SEOUL, July 7 (Yonhap) — South Korea accounted for the biggest share of imports to China in 2019, but its slice has been shrinking in recent years due to intensifying competition with other Asian players, a think tank said Tuesday.
While South Korea accounted for 8.42 percent, the largest share, of China’s overall imports in 2019, the portion marked a slight drop from 9.65 percent posted a year earlier, according to the Korea Institute for International Economic Policy (KIEP).
Instead, Association of Southeast Asian Nations (ASEAN) members expanded their presence by 1.15 percentage points over the period to 13.29 percent, while the European Union expanded its shares by 0.52 percentage points to 13.41 percent, the data showed.
Due to China’s intensifying trade row with the United States, Australia, Russia, and Brazil also managed to penetrate deeper into the Chinese market.
South Korea’s exports to China, its top trading partner, plunged 16 percent on-year in 2019 in the face of the intensifying Sino-American trade war, which escalated throughout this year due to the COVID-19 pandemic.
Over the January-May period of 2020, outbound shipments to China slid 9.4 percent on-year as the pandemic hurt supply chains around the globe, while production lines were forced to shut down.
Exports, however, managed to rebound by 9.5 percent in June from a year earlier as the world’s No. 2 economy resumed its business activities.
The KIEP said South Korea nevertheless has been losing ground in the Chinese market as Asia’s No. 4 economy depended heavily on a select number of products, including memory chips.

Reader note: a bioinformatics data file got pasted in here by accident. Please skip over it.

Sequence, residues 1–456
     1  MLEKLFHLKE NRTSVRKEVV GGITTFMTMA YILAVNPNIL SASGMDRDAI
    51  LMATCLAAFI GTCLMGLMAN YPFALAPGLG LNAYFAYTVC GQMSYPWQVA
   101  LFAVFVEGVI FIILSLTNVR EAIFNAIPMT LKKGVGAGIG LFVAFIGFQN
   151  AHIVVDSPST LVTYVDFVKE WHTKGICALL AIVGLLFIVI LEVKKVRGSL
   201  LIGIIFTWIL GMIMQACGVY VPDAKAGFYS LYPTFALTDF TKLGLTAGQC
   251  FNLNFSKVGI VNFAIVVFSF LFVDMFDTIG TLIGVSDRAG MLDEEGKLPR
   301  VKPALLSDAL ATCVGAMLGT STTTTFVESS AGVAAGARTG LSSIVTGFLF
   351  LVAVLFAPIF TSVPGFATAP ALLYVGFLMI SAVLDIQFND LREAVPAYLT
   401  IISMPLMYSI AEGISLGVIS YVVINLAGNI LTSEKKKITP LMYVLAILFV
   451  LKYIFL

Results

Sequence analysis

Chips were responsible for a whopping 60 percent of the on-year losses from exports to China recorded in 2019, according to the institution.
“In the ICT segment, South Korea has been facing tougher competition with Taiwan in China,” the KIEP said in a report. “In terms of biotechnology, life science, and aerospace industries, the EU overwhelmed other rivals, with the U.S. also being much more competitive.”
Thus, the think tank advised South Korea to foster its competitiveness in new growth engines, while better utilizing the Seoul-Beijing free trade agreement (FTA) that went into effect in 2015.
The KIEP added South Korea also needs to make efforts to make China open more doors through the pending Regional Comprehensive Economic Partnership (RCEP).
ASEAN members and their dialogue partners — South Korea, China, Japan, Australia and New Zealand — effectively reached an agreement on the RCEP last November, with the goal of signing the pact within this year.